In one of the most stunning examples of government interference in the last few years, the Canadian Government and the Children’s Aid Society has seized an eleven-year old boy from his parents. They have taken custody because the parents support the boys decision not to take chemotherapy for his leukemia.
The Globe and Mail has some good coverage on the issue itself. The decision to take custody of the child is not unusual in Canada. The most famous example is in the case of R. v. Children’s Aid Society of Metropolitan Toronto. In this case, the parents of an infant were Jehovah’s Witnesses, and decided not to allow their infant to receive a blood transfusion because it was against their religious beliefs. The Children’s Aid Society seized custody, administered the transfusion, and gave custody back to the parents. This was decided because the child was not yet old enough to make a decision about their religious beliefs, so the best interests of the child trump the parents right to practice their religion. Without the transfusion the child would have died.
The same type of logic is being applied in the case at hand. The government is arguing that the child is not old enough to understand the consequences of rejecting chemotherapy. Although it is nearly certain that he will die without the chemotherapy, the sheer fact that the boy had chosen not to undergo it makes this seem pretty unreal. That the government would go ahead and force someone to accept treatment they don’t want is unbelievable.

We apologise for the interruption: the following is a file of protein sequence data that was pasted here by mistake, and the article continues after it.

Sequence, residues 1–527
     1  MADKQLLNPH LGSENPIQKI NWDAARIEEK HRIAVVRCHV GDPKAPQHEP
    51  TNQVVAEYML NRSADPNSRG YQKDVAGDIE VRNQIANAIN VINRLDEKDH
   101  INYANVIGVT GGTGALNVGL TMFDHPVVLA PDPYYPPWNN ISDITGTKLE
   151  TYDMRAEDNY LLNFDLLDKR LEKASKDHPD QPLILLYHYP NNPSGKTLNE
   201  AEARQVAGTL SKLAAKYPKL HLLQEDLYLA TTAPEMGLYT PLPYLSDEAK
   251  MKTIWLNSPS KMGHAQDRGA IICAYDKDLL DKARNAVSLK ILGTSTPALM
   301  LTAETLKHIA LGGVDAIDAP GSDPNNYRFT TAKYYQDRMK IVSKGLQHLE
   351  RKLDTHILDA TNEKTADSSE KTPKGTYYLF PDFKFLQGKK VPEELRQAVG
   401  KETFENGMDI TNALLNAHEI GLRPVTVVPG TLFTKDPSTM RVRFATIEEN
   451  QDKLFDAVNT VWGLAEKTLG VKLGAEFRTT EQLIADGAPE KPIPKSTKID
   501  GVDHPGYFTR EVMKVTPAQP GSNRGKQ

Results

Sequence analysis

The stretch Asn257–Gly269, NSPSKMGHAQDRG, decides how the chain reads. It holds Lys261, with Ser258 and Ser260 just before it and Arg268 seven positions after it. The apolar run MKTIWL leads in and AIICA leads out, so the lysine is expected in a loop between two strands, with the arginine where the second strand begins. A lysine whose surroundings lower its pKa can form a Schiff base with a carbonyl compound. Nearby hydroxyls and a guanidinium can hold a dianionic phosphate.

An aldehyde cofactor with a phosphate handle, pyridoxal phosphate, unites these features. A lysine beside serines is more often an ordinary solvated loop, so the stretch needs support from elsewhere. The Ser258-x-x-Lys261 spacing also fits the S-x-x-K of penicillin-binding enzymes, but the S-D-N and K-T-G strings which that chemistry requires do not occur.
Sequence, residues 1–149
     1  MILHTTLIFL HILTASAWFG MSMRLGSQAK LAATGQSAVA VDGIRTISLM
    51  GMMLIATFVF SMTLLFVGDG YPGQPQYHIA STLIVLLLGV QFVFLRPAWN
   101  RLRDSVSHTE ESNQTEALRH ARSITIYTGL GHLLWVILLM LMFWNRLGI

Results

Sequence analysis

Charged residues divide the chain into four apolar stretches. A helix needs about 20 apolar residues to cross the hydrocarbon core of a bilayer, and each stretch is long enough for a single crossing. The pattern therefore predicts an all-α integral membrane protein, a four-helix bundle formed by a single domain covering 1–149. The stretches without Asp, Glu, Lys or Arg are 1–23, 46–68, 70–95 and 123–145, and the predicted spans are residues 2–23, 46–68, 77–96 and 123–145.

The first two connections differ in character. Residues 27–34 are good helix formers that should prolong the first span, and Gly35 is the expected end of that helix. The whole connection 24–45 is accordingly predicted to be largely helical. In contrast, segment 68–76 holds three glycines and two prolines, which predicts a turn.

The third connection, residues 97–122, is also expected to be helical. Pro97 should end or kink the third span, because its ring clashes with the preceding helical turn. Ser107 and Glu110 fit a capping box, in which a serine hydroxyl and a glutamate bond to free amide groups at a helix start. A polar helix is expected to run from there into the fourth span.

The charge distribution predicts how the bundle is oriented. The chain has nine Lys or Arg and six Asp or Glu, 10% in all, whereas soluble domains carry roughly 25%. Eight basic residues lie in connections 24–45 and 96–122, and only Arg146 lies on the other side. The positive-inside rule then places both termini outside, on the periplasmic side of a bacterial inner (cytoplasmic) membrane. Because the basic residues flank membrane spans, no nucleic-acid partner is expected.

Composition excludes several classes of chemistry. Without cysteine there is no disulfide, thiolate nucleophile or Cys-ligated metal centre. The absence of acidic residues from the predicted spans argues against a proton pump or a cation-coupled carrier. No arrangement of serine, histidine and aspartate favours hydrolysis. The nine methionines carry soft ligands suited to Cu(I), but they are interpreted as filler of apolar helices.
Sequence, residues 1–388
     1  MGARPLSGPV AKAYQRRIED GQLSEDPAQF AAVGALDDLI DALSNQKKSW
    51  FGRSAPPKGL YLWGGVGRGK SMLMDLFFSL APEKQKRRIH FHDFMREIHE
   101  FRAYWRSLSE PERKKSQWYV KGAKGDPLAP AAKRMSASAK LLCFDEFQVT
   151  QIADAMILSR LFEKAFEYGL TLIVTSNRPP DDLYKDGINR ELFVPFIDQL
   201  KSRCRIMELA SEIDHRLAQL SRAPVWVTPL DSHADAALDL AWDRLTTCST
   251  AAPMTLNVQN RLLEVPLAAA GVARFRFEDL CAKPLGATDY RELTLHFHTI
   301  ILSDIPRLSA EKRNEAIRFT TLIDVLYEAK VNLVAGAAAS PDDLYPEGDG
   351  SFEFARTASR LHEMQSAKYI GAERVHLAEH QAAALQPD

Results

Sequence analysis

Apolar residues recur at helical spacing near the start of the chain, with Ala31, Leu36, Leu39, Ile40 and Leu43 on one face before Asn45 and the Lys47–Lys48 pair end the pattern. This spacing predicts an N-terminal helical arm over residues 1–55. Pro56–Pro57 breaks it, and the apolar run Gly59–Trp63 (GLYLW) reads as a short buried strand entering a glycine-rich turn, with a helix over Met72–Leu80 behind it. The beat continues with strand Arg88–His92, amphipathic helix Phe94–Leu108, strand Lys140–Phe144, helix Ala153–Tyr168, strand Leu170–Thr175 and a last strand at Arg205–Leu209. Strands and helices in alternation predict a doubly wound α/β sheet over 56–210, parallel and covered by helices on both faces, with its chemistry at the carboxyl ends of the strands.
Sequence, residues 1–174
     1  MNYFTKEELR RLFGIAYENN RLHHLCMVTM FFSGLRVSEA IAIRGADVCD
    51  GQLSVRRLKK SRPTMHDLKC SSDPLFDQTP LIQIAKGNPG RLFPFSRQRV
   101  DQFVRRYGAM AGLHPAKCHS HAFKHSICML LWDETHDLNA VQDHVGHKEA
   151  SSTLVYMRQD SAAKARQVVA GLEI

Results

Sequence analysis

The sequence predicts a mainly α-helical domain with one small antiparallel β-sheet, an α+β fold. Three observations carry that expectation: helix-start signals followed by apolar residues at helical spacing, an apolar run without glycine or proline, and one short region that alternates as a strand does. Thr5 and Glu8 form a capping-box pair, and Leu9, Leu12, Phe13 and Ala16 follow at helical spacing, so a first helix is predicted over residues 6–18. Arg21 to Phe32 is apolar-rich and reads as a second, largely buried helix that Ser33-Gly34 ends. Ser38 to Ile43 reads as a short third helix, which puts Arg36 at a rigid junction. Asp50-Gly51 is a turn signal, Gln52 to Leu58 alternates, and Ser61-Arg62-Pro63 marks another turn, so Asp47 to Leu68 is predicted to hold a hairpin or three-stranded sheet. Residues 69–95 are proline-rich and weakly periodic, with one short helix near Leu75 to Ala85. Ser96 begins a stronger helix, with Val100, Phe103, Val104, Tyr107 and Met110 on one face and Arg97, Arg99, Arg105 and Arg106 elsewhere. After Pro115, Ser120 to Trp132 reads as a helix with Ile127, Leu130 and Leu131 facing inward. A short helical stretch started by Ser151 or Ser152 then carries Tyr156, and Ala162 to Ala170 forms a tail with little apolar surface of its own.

Understandably there is some concern that the boy doesn’t quite understand what he is doing. However, this is the second round of treatment. He had one round of chemo that put his leukemia into remission for a year, but now it has come back. So I think it’s safe to say he understands what chemo will do to him, and what the consequences of not taking it will do. He had elected to pursue a set of more natural remedies. The major concern for the boy is twofold: he is mildly developmentally delayed as a result of fetal alcohol syndrome, and he is apparently on some medications for behavioural problems. Be that as it may, I still think that an 11 year old has to be of enough sound mind to make certain decisions for himself.
His family is doing their best to support their son’s wishes, but have been treated like criminals because of it. The father was forcibly removed from the hospital in handcuffs because he got angry when his kind was seized. I think any father in his right mind, let alone one who is watching his son make a tough decision, would react the same way.
I think my biggest problem with this is the government really stepping in and forcing the child to take chemo against his will. At least they should listen to his reasons why he chose not to take it before forcing the treatment on him. He says it will affect his quality of life and lower it (which it undoubtedly will). He also says he would rather just enjoy his time with his family. It’s a remarkably mature judgment for an eleven year old to make, granted, but that does not necessarily mean he ‘doesn’t get it’. Perhaps he’s just wise beyond his years.